Fine Gael tries to ‘woo’ potential coalition partners
Top party figures hear suggestions FF chief Micheál Martin building Dáil alliances
A private meeting of Fine Gael Cabinet Ministers and Taoiseach Leo Varadkar’s senior staff heard suggestions that Fianna Fáil leader Micheál Martin is already building Dáil alliances. Photograph: Collins
Fine Gael Ministers are to step up their attempts to “woo” potential coalition partners such as Labour and the Greens as a general election approaches amid concern that they are being outflanked by Fianna Fáil leader Micheál Martin.
A private meeting of Fine Gael Cabinet Ministers and Taoiseach Leo Varadkar’s senior staff heard suggestions that Mr Martin is already building Dáil alliances, with his relationship with Labour leader Brendan Howlin cited.
Fine Gael and Fianna Fáil will be eager to avoid a repeat of the outcome of the 2016 general election which was followed by lengthy talks on forming a government, and ultimately saw the latter enter into a confidence and supply agreement to prop up its rival, a minority administration.
Numerous sources at the Fine Gael meeting said the exchanges focussed on how the party could achieve a majority government, with one saying there was an emphasis on “building relationships”.
Minister for Social Protection Regina Doherty is understood to have expressed curiosity about the relationship between Mr Howlin and Mr Martin.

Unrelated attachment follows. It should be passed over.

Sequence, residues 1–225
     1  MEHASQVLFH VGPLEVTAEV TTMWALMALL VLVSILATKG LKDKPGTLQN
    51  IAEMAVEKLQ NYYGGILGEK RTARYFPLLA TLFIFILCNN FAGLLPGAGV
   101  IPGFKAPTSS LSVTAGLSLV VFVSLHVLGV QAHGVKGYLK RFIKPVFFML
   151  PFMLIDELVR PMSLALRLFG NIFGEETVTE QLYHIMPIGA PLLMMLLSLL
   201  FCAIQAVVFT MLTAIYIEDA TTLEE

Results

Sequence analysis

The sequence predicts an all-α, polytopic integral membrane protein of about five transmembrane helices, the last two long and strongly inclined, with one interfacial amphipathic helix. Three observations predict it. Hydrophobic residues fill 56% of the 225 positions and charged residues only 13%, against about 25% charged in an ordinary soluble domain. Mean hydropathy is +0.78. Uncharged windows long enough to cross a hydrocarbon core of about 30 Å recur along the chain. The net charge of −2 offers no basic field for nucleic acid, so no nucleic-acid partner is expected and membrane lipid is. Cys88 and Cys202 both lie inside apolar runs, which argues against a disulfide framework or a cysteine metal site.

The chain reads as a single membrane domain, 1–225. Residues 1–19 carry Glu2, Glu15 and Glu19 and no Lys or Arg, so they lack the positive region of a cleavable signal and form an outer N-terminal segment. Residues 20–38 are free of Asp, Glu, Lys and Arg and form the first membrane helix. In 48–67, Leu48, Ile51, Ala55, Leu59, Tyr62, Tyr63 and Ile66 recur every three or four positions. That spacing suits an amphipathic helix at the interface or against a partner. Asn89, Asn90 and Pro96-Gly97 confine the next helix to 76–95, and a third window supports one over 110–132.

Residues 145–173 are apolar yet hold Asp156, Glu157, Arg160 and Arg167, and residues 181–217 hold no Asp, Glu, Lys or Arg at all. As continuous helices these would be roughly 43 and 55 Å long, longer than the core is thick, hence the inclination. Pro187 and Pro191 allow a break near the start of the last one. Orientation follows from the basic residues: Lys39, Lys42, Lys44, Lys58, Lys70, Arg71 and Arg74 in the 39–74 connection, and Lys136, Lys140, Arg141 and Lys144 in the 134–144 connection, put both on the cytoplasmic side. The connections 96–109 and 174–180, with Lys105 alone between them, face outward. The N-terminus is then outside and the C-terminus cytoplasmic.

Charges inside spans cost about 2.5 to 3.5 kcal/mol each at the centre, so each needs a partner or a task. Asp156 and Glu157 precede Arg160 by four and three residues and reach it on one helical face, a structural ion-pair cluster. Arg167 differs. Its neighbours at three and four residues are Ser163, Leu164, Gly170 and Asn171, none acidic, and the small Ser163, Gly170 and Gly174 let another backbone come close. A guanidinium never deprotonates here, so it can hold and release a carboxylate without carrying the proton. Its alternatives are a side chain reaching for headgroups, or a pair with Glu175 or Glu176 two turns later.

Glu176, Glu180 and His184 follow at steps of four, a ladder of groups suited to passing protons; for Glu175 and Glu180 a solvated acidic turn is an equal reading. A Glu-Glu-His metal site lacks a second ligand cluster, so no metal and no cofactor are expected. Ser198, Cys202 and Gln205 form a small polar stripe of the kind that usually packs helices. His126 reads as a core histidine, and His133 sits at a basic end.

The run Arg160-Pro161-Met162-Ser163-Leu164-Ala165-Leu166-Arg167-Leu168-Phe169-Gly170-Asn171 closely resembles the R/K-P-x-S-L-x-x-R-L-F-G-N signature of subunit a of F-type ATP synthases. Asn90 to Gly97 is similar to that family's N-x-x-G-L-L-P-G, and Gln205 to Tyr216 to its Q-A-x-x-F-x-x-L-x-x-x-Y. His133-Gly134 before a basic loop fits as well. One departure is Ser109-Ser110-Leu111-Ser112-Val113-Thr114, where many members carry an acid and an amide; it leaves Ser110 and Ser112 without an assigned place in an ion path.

“She didn’t quite say ‘what is the game plan’?” said one person present.
One source said the Taoiseach was clear he wanted his Ministers to build relationships with their opposition counterparts. The source added that some Ministers replied that they were doing so already.
“We were told to step it up. The Taoiseach definitely made it clear he wanted this done.”
However, another claimed Mr Varadkar said the numbers in the next Dáil would be the determining factor.
Mr Howlin has said Fianna Fáil’s policy platform is more in line with what Labour wants to achieve if it re-enters government.
Labour also wants to align with others on the centre-left – such as the Greens and the Social Democrats – to form a single negotiating bloc after the next election.
It is understood Mr Varadkar indicated to the meeting he is not as keen on the Social Democrats.
“They might be a crucial bloc in the future,” one Minister said of the smaller parties, adding that while the term “rainbow coalition” may not have been used, this was the preferred future government, with Independents included if needed.
Mr Martin has also been clear that his preference is to form a centre-left government, minority or majority, after the next election.
Some in Labour privately favour a coalition with Fianna Fáil, believing that the effective settling of certain social issues in recent years – such as liberalising abortion laws and the introduction of same-sex marriage – would make such an alliance easier to manage.
However, a Fine Gael Minister said the party’s reputation on such issues, as well as its current policies on climate change, made it “well positioned” to attract the support of Labour, the Greens and others. Independent TDs were also factored into the discussion.
“They were included in that,” said one source. “And it was noted we have shown we can work well with them.”
It was also claimed – although not at the meeting – that Mr Varadkar himself needed to work harder to build a rapport with people such as Mr Howlin and Green Party leader Eamon Ryan.
“The point was subtly made,” a source said of the comments made by Ministers. “A lot of people pointed out they already had good relationships.”